An image featuring a black and white photograph of Dick King-Smith alongside a collage of some of his books on a yellow and orange background
An image featuring a black and white photograph of Dick King-Smith alongside a collage of some of his books on a yellow and orange background

He’s well-known for creating a character called Babe, or The Sheep-Pig. Dick loved animals throughout his life, from breeding budgerigars as a child to working as a farmer, and this passion is what makes his stories so magical. Did I mention that they’re also heart-warming, hilarious, and full of surprises? And, as you’ll discover, Dick King-Smith didn’t only write about animals. Some of his stories feature their human companions too!

But why should you take my word for it? Well, I’m a bit of an expert – my name’s Josie, I’m one of Dick’s many great-grandchildren, and I’ve read nearly all of his books! In fact, I even got the chance to collaborate with Dick when an unfinished manuscript that he started in the 1980s was discovered recently. I had the honour of finishing that story off, and it became Ambrose Follows His Nose, which you’ll read more about in the list below. Before I began writing, I made sure to reread lots of Dick’s books so that I could finish this one as faithfully as possible. 

When I was little, Grampa Dick loved to read whatever story or poem I had just written, and always encouraged me to get my writing out there. So now I’m returning the favour! Here are some of my favourite Dick King-Smith books, just for you. 

The Hodgeheg (1987)

Max is a very curious hedgehog – he wants to see the world beyond his garden! Unfortunately, Max hasn’t quite got the hang of crossing roads safely. When he gets a bump on the head, his world – and his words – are turned upside down (and inside out). I love this book because it’s so fun to read aloud. Just make sure you don’t get your jurds wombled. I mean, your words jumbled. 

Ambrose Follows His Nose (2022)

Okay, maybe I’m biased about this one because I wrote half of it. But even before I got my hands on it, this story had all the signature elements of a classic Dick King-Smith tale – a rabbit with a very special power, a determined little girl called Biddy, unlikely animal friends, and a lot of silliness. 

The Fox Busters (1978)

This is the first ever book that Dick wrote, and it’s an exciting one. If you don’t think chickens can be quick-witted and cunning, read this book and think again! I think Dick was definitely inspired by my great-grandmother when he wrote this one – she served in the Women’s Auxiliary Air Force during the Second World War

The Queen’s Nose (1983)

The Queen’s Nose is a magical story about a girl called Harmony who discovers a very special fifty pence piece. When you rub the Queen’s nose, your wishes come true! Unfortunately, those wishes don’t always work out as planned! When I was in primary school, all my friends and I loved watching the television adaptation of this book. I think the original story is even better, especially because the reader gets to experience Harmony’s amazing imagination.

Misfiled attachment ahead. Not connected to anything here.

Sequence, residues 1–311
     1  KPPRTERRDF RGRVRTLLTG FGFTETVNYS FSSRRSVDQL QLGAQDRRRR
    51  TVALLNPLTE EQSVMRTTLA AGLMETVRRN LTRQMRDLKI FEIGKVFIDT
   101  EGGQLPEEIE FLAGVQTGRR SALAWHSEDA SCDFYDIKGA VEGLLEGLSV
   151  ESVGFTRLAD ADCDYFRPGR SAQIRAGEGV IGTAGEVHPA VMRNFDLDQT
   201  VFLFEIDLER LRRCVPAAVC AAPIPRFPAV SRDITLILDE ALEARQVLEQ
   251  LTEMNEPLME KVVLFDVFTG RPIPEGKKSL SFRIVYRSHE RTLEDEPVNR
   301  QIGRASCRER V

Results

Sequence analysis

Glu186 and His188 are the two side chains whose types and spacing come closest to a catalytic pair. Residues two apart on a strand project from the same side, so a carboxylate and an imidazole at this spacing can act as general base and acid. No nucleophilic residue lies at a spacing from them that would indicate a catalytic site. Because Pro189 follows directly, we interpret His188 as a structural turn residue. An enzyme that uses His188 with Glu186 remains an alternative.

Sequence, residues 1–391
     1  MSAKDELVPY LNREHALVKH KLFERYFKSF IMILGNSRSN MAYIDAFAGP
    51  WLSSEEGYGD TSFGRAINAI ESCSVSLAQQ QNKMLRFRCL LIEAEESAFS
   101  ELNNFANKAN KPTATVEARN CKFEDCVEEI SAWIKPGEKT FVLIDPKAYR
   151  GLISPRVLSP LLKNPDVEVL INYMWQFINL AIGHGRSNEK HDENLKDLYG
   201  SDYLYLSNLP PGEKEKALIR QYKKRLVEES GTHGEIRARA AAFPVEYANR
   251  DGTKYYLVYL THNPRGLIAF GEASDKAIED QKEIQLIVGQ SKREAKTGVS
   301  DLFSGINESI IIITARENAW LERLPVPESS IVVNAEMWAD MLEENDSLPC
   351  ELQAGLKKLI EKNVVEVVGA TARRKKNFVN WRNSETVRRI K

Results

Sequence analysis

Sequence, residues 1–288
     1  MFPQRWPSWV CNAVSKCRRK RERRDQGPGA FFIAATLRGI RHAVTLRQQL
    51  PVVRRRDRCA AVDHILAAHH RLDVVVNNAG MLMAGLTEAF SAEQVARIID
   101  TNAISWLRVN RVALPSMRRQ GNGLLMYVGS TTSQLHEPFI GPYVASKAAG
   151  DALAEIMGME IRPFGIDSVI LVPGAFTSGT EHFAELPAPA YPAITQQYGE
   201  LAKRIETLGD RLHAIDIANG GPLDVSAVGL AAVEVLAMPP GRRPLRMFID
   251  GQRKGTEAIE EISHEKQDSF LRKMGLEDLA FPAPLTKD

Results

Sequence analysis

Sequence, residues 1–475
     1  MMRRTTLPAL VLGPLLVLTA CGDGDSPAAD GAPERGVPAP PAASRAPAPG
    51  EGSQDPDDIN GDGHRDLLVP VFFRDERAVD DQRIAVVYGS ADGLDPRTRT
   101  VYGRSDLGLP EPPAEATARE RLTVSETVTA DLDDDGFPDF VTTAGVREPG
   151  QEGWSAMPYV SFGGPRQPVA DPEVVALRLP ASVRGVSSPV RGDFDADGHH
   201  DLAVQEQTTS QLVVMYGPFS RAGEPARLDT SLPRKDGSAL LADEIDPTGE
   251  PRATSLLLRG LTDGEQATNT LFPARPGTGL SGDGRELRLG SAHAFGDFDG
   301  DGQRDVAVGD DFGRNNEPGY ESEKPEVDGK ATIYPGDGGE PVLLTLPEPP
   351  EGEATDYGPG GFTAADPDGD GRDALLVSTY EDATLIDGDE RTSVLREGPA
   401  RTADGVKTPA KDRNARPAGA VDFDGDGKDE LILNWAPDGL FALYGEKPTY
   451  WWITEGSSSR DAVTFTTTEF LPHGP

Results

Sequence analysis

Magnus Powermouse (1982)

This book was one of my favourites when I was small, and it still makes me laugh out loud. I love the tender and funny relationships between Magnus, an incredibly strong mouse, and his parents. Read this one closely and you might spot a special character – one who also features in Ambrose Follows His Nose!

An image of author Josie Rogers next to a green quote card and a photo of her as a baby with her great grandfather Dick King-Smith
An image of author Josie Rogers next to a green quote card and a photo of her as a baby with her great grandfather Dick King-Smith

George Speaks (1988)

Dick King-Smith was good at writing in a huge variety of voices – and baby George certainly has a unique voice! He starts talking at only four weeks old to the shock and amazement of his older sister. This book captures all the magic and frustration of having siblings, as well as being extremely funny. 

Blessu (1990)

Blessu is a sweet fable about a small elephant with a very large sneeze. He suffers from the worst hay fever and every time the little guy sneezes his trunk grows! This book is a lovely introduction to Dick’s classic animal tales for younger readers.

The Sheep-Pig (1983)

The Sheep-Pig is a wonderful story about a piglet called Babe who is determined to follow his dreams and won’t take no for an answer. It features some of Dick’s most charming and comic characters, and he said himself that this was his best book. That’s the ultimate stamp of approval! 

Connie and Rollo (1994)

Connie has an awesome aptitude for arithmetic, and Rollo is a rather remarkable rhymer. Everyone has their special skill, and this book is about two children discovering theirs. It’s full of fun and great rhymes, of course. 

The Invisible Dog (1993)

What do you do when you desperately want a pet, but can’t have one? You use your imagination, of course! That’s what Janie does, anyway. But with the help of the mysterious Mrs Garrow, Janie might just get what she wants. I remember listening to the audiobook of this story read by Grampa Dick himself, which makes it rather special.

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